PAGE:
spin games to earn money-US chip makers hit by new China export rule

The world's first AI general infrastructure system built on NVIDIA A100 chips on display in Hangzhou China.Image source, Getty Images
Image caption, Nvidia is a top manufacturer of computer chips

Shares of major chipmakers Nvidia and AMD have fallen amid concerns of new US restrictions on the sale of artificial intelligence chips to China.

Nvidia says the US government requires a new license, effective immediately, to address the risk of chips being "used in, or diverted to a 'military end use'... in China and Russia."

There are fears the rule could lead to millions of dollars in lost revenue.

Shares of both chip makers slipped in after-hours trading in New York.

Nvidia's shares were down by 6.6% while that of AMD slipped by 3.7%.

The new restrictions are a "gut punch for Nvidia," Dan Ives of Wedbush Securities told the BBC.

The US Commerce Department told the BBC it was "not in a position to outline specific policy changes at this time".

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"We are taking a comprehensive approach to implement additional actions necessary related to technologies, end-uses, and end-users to protect US national security and foreign policy interests," a Commerce Department spokesperson said.

"This includes preventing China's acquisition and use of US technology in the context of its military-civil fusion program to fuel its military modernisation efforts, conduct human rights abuses, and enable other malign activities," the spokesperson added.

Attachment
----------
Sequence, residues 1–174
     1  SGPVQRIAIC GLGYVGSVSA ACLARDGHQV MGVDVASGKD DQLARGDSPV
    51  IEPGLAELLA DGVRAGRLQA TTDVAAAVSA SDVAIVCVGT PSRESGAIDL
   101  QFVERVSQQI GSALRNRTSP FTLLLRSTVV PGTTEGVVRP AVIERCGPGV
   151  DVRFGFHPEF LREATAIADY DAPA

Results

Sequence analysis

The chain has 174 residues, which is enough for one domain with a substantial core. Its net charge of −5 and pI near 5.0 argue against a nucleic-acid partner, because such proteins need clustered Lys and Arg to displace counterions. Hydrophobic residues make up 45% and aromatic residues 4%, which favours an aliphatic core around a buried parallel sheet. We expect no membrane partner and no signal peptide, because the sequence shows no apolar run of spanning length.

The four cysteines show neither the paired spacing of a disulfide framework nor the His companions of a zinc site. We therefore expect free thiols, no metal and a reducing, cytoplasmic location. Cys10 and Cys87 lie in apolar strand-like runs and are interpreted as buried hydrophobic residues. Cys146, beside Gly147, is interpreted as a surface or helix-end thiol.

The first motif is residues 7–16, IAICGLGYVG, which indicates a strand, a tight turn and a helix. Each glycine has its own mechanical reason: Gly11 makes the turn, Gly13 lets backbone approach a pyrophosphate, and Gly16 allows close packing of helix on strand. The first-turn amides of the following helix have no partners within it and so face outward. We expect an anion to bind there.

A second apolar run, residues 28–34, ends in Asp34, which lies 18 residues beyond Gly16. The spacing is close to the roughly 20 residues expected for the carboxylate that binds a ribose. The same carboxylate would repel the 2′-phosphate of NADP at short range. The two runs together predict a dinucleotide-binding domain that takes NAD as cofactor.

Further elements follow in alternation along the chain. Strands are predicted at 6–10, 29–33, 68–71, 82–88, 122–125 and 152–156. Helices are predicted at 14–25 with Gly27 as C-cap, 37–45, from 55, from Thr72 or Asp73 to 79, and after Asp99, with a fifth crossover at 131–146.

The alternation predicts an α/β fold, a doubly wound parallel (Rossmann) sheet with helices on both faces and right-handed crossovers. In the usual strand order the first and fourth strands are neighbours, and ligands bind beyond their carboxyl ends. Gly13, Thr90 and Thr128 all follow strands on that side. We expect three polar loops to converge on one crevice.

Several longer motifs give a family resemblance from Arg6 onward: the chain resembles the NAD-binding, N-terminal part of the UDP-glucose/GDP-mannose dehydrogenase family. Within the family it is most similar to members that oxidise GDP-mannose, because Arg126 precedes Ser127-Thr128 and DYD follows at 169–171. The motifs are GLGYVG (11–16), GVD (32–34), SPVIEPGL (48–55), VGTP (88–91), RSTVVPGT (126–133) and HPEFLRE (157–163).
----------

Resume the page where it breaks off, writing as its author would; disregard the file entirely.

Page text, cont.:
In a US regulatory filing on Wednesday, Nvidia said the "new license requirement" would affect exports of its A100 and H100 chips, which are designed to speed up machine learning tasks, and the systems which include them.

Around $400m (£345.2m) in sales to China could be hit, Nvidia added, "if customers do not want to purchase the company's alternative product offerings or if the (US government) does not grant licenses in a timely manner or denies licenses to significant customers".

A Nvidia spokesperson told that BBC it was liaising with customers in China "to satisfy their planned or future purchases with alternative products."

Meanwhile, an AMD spokesperson said the rules, which would prevent the shipment of its MI250 chips to China, were not expected to have "a material impact" on business.

Both Nvidia and AMD halted sales to Russia after the invasion of Ukraine in February.

Analysts said the US requirements could make it more difficult for China to acquire chips for advanced computing.

It could also affect the earnings of US manufacturers like Nvidia and AMD, said Mario Morales, a California-based analyst at market intelligence firm IDC.

"Both companies have a large exposure to China and could see more impact going forward, especially if China chooses to retaliate," Mr Morales said.

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